Funny you should mention the dog boarding business. I did it for one month and while the money was good, I couldn’t stand the people. They were so disrespectful of my time. I then found some user groups and realized that I needed to set the rules. I might do it again but will have much stricter drop off and pickup times and also not have folks in my house. I’m going to set it up in my basement (I have sliders to the ground floor) and interview them on my porch.

LOL. Isn’t that the truth? But it’s a lot like being a school teacher. You have to train your new clients to the routine and then set your limits.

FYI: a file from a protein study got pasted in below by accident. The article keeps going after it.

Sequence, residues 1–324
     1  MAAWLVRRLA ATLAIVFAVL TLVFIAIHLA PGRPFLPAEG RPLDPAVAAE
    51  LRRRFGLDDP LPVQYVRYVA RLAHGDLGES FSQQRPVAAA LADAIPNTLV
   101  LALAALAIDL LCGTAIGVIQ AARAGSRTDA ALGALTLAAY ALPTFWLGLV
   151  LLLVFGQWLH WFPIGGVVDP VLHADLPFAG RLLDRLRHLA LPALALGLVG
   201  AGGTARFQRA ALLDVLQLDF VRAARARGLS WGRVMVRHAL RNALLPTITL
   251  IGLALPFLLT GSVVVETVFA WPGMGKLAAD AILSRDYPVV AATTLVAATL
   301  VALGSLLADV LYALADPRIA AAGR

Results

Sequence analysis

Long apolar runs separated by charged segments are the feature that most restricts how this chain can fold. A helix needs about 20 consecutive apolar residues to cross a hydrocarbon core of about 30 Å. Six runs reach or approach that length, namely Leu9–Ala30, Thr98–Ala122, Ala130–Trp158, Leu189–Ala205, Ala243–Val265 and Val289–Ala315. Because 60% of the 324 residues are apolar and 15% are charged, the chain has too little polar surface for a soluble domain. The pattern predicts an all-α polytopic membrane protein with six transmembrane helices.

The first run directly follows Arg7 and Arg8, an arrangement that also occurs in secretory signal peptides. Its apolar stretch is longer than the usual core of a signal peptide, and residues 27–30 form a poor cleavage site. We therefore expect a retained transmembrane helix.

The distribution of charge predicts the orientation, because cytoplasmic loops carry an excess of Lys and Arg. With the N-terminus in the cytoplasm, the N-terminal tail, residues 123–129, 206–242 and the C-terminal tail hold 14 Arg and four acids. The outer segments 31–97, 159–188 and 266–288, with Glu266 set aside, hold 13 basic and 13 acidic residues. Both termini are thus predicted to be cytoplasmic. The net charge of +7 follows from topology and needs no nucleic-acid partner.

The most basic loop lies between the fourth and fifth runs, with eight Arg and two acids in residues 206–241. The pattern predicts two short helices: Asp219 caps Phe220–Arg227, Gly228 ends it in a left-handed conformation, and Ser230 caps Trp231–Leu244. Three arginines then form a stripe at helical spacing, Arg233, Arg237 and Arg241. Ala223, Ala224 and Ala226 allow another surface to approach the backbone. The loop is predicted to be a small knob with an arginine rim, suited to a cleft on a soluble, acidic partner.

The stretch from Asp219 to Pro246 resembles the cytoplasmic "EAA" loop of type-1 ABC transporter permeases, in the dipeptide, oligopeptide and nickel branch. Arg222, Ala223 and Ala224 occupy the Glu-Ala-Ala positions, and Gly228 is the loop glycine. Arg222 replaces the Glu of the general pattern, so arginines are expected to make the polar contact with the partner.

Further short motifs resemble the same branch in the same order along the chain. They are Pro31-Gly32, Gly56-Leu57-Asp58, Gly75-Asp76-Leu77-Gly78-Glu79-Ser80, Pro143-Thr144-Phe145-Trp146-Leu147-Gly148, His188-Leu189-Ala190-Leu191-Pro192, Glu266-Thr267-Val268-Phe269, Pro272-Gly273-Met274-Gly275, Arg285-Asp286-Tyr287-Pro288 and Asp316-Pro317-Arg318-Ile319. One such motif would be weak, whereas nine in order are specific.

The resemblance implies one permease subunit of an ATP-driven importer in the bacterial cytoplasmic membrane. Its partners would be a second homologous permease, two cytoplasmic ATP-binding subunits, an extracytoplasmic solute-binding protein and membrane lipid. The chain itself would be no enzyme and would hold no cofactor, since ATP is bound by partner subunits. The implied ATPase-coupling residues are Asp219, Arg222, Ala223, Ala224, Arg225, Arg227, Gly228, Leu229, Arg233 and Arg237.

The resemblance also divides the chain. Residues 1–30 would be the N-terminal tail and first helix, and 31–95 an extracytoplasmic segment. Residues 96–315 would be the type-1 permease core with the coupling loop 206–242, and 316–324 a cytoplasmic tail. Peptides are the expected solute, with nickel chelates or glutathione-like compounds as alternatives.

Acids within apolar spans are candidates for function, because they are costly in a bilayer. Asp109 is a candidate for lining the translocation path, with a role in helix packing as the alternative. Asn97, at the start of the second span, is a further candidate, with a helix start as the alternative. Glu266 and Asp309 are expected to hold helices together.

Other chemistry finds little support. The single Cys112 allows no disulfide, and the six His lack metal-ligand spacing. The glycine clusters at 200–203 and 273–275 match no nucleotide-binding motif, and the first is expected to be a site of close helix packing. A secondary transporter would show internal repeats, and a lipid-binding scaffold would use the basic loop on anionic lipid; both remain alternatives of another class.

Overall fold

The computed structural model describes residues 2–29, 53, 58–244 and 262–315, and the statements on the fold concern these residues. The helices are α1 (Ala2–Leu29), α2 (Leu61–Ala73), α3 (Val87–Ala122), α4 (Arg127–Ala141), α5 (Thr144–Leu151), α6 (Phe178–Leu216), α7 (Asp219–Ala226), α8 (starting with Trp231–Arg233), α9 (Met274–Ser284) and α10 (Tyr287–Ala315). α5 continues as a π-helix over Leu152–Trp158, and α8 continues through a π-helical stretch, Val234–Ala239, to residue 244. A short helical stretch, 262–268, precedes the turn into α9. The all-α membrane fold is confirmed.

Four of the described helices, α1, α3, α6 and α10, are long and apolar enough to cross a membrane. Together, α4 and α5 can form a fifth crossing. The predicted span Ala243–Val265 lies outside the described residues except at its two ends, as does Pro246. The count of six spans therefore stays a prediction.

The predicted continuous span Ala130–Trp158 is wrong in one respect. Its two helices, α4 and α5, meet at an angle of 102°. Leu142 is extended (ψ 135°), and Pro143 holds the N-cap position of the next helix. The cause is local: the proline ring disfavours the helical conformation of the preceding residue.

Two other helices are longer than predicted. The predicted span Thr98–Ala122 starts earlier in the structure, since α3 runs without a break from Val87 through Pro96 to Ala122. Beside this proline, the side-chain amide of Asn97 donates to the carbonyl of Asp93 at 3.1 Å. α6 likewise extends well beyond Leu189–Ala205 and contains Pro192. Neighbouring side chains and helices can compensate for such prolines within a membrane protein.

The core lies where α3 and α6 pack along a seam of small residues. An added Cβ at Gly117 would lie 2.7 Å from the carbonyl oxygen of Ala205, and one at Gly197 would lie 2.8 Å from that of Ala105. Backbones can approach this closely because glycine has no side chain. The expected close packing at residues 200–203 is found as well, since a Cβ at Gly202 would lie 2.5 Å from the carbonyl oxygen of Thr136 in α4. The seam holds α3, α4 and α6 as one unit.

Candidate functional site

I do have meet and greets inside my house but once they become clients 90% of the drop offs in good weather are on my front porch and I don’t let them come in. OTOH, over time I’ve developed some good relationships with people. One woman’s husband died in their home while she was out of town. She came home to find him and the dog inside the home. I was one of the first people she called with the news. I’ve since been to dinner at her home. I’ve also been the recipient of the calls when the guest dogs are ill and/or pass away. Those are hard but it’s part of the relationship that develops. Once you get a regular clientele established and get your rules set up, you will find it to be very rewarding. Feel free to message me anytime with questions or problems, I’m happy to help.

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I had a guest who retaliated in stars, dropping me from a perfect 5 to 4.85. Left me 1s and 2s in categories because I wouldn’t take cash for his last night and complained at the special rates I sent him. His wife was really embarrassed.